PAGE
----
Posts Tagged ‘bread’




It was this day, eight-nine years ago,

that Otto Frederick Rohwedder,

a jeweler from Davenport, Iowa,

got to see his invention in action—

yes, in Chillicothe, Missouri, a baker

used the bread slicer. Everyone said

it wouldn’t sell. Everyone said

the bread would go stale. Everyone

said the idea would fail. It’s compelling,

sometimes, what everyone says.

But sometimes, perhaps like Otto,

I hear the voice beneath the others.

It tells me to believe in improbable things.

Like poems changing the world.

Like Keatsian love. Like the immeasurable

pleasure that comes when the lever

goes down and all through the kitchen

floats the warm and earthy scent of toast,

the morning improving two slices at a time.


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Today it’s the bread
that reminds me
how human I am—
how I want people
to like the bread
that I baked, how I hope
they can taste
the organic grain
that I ground myself
for the pleasure
of grinding it, sure,
how I can get the texture
just the way I like it,
but also for some small
way it makes me feel
as if I am a better person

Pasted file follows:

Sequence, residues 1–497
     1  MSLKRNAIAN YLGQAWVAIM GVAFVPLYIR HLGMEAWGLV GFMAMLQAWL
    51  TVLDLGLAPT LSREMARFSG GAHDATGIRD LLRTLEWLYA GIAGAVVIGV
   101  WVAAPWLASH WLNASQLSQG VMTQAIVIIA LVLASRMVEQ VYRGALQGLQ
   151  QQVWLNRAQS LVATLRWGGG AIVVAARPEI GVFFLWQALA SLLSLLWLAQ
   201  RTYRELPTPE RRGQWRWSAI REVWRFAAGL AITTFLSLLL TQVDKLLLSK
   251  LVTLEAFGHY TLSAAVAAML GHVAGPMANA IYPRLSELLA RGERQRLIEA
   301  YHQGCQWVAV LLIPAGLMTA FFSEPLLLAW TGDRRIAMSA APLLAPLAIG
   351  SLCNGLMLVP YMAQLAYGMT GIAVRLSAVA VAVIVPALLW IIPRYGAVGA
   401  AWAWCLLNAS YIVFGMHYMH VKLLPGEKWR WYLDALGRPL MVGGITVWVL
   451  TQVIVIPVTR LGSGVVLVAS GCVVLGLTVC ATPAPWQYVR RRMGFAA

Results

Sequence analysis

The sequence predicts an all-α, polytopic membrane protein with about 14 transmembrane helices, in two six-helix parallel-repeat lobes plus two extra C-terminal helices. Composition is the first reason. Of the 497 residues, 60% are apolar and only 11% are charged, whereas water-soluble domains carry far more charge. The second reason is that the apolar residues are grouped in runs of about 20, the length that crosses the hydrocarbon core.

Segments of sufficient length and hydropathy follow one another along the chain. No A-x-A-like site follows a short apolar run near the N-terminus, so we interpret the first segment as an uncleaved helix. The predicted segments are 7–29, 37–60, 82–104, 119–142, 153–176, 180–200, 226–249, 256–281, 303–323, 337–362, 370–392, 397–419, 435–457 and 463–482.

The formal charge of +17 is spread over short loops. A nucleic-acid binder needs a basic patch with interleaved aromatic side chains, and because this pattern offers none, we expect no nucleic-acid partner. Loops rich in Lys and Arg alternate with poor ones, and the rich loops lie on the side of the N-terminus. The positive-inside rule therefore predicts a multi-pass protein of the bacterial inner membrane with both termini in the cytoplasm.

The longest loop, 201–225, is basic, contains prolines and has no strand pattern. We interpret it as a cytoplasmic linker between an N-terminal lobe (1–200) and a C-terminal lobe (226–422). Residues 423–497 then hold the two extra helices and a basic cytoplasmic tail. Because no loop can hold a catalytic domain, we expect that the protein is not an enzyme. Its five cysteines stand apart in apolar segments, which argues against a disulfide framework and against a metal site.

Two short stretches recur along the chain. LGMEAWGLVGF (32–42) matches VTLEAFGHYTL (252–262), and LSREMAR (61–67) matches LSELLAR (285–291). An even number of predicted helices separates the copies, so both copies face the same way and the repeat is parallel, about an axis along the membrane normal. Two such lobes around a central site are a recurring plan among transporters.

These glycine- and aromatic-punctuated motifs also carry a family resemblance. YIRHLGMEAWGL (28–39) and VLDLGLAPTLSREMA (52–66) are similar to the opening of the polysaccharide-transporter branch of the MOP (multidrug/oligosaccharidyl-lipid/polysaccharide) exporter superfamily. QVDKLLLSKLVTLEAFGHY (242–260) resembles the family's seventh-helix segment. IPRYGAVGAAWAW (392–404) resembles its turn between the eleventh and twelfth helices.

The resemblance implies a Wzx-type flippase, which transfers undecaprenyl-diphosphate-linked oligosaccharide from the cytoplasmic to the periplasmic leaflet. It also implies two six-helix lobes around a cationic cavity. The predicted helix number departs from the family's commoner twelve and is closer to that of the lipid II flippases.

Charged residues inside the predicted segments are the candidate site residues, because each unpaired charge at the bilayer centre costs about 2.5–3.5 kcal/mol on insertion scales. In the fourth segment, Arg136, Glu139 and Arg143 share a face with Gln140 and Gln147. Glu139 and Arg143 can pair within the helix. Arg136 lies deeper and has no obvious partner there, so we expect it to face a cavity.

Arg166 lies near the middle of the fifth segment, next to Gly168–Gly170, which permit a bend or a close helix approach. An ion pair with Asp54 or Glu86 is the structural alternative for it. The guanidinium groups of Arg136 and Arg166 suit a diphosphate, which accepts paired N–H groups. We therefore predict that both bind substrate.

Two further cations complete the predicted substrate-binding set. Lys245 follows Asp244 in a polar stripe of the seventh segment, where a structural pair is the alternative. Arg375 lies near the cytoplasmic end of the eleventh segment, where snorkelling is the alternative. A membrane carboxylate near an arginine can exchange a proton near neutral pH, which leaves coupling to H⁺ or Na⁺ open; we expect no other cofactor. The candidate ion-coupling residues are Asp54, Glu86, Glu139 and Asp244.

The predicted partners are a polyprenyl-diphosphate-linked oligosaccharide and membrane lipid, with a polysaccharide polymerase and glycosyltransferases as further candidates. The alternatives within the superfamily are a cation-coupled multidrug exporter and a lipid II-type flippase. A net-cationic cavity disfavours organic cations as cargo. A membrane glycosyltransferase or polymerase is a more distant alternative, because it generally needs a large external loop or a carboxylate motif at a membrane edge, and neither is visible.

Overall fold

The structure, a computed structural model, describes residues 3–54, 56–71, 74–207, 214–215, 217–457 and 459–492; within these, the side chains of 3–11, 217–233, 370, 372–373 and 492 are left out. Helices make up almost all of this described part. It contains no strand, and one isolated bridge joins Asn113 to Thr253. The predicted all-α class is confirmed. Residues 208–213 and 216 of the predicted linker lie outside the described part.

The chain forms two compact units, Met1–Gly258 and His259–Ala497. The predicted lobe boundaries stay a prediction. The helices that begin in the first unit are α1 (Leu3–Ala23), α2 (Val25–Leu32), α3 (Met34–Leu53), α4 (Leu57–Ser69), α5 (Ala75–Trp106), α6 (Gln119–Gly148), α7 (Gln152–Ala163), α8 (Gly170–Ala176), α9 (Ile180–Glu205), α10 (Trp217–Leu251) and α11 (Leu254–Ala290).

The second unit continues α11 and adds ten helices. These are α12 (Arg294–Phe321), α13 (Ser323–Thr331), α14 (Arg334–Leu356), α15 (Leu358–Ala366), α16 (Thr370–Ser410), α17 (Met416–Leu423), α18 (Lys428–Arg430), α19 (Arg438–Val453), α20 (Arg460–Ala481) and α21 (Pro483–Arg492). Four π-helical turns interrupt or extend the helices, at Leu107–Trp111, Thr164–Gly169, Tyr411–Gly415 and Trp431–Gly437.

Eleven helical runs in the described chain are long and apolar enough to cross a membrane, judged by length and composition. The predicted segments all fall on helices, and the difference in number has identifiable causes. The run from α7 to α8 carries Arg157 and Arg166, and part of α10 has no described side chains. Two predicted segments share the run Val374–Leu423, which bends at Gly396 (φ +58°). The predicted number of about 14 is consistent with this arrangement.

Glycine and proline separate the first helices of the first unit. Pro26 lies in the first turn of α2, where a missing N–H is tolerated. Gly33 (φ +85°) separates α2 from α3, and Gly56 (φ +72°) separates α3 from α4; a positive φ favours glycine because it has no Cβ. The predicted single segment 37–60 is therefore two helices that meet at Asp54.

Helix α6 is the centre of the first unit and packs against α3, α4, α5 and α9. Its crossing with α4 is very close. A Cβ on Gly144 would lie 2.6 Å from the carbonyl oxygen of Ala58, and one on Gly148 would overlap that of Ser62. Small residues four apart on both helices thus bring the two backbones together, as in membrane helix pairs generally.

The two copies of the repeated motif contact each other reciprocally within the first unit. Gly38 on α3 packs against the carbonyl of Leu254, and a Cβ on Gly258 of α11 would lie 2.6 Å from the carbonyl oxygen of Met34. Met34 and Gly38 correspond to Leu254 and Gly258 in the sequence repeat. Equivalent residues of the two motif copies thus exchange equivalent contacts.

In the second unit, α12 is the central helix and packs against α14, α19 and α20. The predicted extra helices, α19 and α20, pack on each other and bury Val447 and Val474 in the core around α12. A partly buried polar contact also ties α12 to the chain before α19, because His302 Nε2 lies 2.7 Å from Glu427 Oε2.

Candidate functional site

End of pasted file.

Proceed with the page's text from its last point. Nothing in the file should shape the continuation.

because I have ground
the flour. Oh it is
so tricky, the way
I start to believe
that if the people I love
like the bread I bake
that they will like me more.
As if rye and winter wheat
have anything to do
with who I am.
But I do not despise
the bread for this. Its taste
is the taste of harvest,
sunshine and rain,
patience and earth.
The bread wants nothing
and nourishes despite.
Nor do I despise myself
for the longing to be loved.
Well, not much.
So human, I tell myself
to think we’re not enough.
Of course we’re enough,
Of course. Just as we are.
Still, I can’t help but wonder
if I made the butter, too,
well, then they might really,
really love me.

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too many to count
petals on the orchard floor
he loves me?


rusted lock
in the heart’s back pocket
a spare key


snow on the ridges
come spring what else
will be missing?


almost asleep
these hands still kneading
soft dough


he talks
and talks and talks and talks
about listening


no temple bells
still the crow goes on
about awe, awe

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